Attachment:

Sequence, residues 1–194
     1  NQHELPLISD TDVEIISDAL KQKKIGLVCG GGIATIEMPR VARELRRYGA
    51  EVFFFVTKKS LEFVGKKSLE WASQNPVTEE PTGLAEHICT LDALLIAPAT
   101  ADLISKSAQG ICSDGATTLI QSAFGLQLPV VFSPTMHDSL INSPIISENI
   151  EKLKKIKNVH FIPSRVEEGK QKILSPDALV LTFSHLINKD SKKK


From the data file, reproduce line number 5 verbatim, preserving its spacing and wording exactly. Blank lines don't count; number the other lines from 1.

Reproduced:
   151  EKLKKIKNVH FIPSRVEEGK QKILSPDALV LTFSHLINKD SKKK